U.S.

President Trump is barring the entry of most non-U.S. citizens who have been in Brazil within the past 14 days, the White House announced on Sunday, citing concerns over Brazil's rapidly worsening coronavirus crisis.

"Today's action will help ensure foreign nationals who have been in Brazil do not become a source of additional infections in our country," White House Press Secretary Kayleigh McEnany said in a statement.

Updated 9:31 p.m. ET Thursday

The U.S. now has more coronavirus cases than any other country in the world, surpassing China's total and highlighting how rapidly the virus can move through a population.

The U.S. logged more than 83,000 cases as of 8 p.m. ET Thursday, while China reported more than 81,00 infections, according to data compiled by Johns Hopkins University.

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Hong Kong and Singapore were hit early with the coronavirus. But each now has fewer than 200 cases, while France, Germany and Spain, which were hit late, all have more than 10 times that number.

Three weeks ago, Italy had only three cases. Now it has more than 10,000.

These dramatic differences show that how governments respond to this virus matters, says Mike Ryan, the World Health Organization's head of emergencies.

Tim Padgett / WLRN.org

The Venezuela crisis is feeling a lot like the Cold War today. As Russia’s foreign minister arrived in Caracas Thursday night, the U.S. warned Moscow its aid to Venezuela will now have “costs.” WLRN spoke with the U.S.’s top diplomat on Venezuela to learn what that means.

Updated at 2:44 p.m. ET

Once again, for this week of Thanksgiving, a U.S. president "pardoned" turkeys.

"Butter, I hereby grant you a full and complete pardon," President Trump said, continuing the tradition and addressing a turkey named Butter. "Full and complete."

Trump said Butter's companion, Bread, will also be spared.

Rafael Urdaneta Rojas / AP

Are Venezuela and Colombia headed for war? Believe it or not, that's the big worry in South America right now.

Ana Maria Otero / AP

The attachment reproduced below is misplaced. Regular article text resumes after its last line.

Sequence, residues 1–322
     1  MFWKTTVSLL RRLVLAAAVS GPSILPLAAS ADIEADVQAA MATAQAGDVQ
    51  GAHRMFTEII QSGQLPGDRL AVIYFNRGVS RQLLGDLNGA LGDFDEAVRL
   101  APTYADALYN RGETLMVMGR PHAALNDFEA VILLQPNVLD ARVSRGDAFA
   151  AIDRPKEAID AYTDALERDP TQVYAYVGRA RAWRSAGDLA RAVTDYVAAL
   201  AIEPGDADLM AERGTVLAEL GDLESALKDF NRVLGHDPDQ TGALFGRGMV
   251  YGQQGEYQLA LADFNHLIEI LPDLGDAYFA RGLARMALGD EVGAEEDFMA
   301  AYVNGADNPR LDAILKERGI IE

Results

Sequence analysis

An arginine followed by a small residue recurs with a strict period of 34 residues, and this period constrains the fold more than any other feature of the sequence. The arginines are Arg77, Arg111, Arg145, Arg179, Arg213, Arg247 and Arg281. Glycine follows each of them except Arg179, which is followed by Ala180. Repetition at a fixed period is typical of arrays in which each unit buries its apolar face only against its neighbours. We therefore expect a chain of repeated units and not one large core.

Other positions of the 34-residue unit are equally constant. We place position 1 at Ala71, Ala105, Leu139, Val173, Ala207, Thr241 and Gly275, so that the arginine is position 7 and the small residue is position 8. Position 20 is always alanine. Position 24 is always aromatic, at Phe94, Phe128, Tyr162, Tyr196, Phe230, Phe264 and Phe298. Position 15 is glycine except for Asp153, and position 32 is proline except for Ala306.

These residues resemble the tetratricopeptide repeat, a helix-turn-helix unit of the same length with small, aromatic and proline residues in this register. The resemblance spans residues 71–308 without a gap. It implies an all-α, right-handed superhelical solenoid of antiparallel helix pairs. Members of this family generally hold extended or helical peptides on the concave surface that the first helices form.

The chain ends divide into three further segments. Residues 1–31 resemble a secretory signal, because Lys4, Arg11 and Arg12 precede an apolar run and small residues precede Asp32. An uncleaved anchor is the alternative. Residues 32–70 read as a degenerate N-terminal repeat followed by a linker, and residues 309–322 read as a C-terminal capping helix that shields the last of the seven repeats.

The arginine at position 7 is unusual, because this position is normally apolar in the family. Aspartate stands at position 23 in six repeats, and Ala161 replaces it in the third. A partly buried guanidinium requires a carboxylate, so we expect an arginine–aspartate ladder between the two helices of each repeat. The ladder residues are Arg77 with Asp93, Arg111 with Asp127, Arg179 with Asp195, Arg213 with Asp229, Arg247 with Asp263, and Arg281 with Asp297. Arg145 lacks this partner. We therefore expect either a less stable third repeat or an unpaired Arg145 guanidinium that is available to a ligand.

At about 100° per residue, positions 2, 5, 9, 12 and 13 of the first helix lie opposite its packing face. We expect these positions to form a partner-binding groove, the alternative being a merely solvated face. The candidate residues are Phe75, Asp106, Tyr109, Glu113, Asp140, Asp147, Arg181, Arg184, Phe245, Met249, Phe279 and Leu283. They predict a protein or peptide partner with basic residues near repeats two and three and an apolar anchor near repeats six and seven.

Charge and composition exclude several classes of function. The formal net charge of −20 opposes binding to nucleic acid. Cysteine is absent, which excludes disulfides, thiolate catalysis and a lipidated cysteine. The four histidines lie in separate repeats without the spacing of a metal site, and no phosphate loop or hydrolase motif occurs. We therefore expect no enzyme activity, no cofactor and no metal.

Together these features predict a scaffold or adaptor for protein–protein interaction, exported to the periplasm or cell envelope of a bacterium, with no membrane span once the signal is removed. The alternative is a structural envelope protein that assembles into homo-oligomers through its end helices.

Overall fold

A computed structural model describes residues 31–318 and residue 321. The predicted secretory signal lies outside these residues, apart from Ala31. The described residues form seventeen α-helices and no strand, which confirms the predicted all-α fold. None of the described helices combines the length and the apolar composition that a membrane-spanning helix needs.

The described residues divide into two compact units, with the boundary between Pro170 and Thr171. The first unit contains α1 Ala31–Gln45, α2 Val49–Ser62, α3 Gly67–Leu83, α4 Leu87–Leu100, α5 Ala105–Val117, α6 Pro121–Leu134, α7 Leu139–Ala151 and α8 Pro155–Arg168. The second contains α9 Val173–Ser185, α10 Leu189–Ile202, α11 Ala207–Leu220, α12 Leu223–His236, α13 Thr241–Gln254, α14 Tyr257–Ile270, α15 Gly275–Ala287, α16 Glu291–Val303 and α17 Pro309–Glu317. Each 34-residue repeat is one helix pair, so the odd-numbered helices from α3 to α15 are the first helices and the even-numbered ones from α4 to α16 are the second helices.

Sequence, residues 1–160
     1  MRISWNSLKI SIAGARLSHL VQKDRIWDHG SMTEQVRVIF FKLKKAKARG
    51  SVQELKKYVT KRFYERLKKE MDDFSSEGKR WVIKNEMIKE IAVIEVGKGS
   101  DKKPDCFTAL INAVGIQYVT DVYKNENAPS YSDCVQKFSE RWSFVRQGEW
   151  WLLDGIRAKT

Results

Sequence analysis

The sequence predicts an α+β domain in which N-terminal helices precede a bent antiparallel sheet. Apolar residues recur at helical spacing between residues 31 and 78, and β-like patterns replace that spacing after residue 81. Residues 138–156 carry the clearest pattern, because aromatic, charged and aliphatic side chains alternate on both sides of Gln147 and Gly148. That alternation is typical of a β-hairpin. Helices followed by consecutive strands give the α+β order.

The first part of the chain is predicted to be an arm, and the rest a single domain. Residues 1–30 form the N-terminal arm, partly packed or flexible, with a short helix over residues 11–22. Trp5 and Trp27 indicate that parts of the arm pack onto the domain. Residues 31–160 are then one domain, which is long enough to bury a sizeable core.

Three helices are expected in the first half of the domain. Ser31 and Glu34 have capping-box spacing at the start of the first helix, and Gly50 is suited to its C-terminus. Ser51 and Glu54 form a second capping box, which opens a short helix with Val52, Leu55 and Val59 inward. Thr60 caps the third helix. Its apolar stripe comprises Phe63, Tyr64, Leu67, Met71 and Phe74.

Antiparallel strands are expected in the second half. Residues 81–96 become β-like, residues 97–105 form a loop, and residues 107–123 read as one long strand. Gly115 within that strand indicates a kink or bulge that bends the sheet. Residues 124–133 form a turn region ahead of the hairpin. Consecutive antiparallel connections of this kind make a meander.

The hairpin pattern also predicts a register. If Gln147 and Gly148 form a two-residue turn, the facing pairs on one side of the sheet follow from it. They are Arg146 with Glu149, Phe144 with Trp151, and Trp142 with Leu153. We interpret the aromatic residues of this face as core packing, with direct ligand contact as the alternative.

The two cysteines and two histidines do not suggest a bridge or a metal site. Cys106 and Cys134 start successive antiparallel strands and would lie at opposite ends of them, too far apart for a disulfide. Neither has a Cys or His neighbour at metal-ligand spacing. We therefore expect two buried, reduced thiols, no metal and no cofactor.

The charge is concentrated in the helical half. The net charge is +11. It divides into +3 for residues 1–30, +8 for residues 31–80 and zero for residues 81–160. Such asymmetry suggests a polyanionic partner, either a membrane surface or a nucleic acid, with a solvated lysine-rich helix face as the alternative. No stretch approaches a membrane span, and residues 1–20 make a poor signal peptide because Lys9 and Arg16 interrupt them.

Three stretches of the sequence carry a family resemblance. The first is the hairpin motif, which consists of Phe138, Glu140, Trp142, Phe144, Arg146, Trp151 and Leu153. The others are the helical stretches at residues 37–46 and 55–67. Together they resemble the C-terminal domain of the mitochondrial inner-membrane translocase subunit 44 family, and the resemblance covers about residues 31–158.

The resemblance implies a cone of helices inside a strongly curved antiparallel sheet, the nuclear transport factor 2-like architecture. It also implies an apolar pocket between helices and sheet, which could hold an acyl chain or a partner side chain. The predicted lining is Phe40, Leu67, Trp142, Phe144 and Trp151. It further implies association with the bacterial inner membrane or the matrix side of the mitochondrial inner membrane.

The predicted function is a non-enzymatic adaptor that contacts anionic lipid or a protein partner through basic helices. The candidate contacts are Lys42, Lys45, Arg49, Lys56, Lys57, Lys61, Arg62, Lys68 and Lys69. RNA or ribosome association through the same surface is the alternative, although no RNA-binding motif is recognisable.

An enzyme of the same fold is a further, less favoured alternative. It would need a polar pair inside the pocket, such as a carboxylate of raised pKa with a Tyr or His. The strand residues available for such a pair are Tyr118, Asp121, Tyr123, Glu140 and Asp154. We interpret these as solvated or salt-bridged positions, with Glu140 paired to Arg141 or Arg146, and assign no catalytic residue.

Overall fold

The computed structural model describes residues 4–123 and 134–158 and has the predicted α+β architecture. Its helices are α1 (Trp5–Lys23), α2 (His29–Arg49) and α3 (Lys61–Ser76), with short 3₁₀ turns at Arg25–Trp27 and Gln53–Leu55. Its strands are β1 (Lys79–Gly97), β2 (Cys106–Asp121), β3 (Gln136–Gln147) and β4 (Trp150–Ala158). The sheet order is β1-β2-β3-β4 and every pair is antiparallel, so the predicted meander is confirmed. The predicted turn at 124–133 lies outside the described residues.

Earlier this year the U.S. all but cut off oil imports from Venezuela to put more pressure on the country’s authoritarian regime. Now another major importer looks like it’s turning its back on Venezuela.

Ariana Cubillos / AP via Miami Herald

COMMENTARY

Here we go again, only in reverse.

If you remember the Great Recession, then you remember every liberal coming out of the woodwork in those days to denounce capitalism.

Not just the capitalist excesses that caused the U.S. financial collapse. Free-market mutants like subprime mortgages and the deranged securities they were bundled into. But capitalism itself.

There's a big race right now to become the 51st state.

Forget traditional contenders like Puerto Rico. In several existing states, residents of less populous areas are hoping to create new states of their own.

Citizens in 11 mostly northeastern Colorado counties are among them. They'll vote on Nov. 5 whether to break off and form their own state. Many are unhappy about liberal state legislation they believe reflects the values of the Denver-Boulder corridor, but not their part of the world.

South Florida Food Banks Prepare For Funding Cuts

Oct 28, 2013
Gloria Lewis

Florida's food programs are bracing for cuts to the Supplemental Nutrition Assistance Program (SNAP) that kick in Nov. 1 --- while watching warily as U.S. House and Senate conferees prepare to negotiate a federal farm bill, which could have much more far-reaching consequences for hungry Floridians.

When it finally came out Tuesday, the September jobs report — delayed for 18 days by the government shutdown — showed a labor market moving forward. But the pace was slow enough to prompt many economists to view it as a letdown.

Job growth "is disappointing, given that employment is still down by about 1.8 million from its peak prior to the recession," Gus Faucher, senior economist with PNC Financial Services Group, said in his analysis.

Talk to economists about the government shutdown's impact on their forecasts and you'll hear this phrase again and again:

Flying blind.

For economists and investors, "at this moment, we are flying blind," said Alan Greenspan, former chairman of the Federal Reserve and now president of Greenspan Associates LLC, a consulting firm.

Greenspan is not alone in feeling a little lost without the compass of government reports.

Bringing to an end an episode that once again exposed Washington gridlock at its worst, the House approved a Senate deal that will end a 16-day federal government shutdown and avert the first government default in U.S. history.

The 285-144 vote came at the eleventh hour, after weeks of partisan bickering and a very public airing of deep divisions within the Republican party. President Obama signed the bill into law after midnight Thursday.

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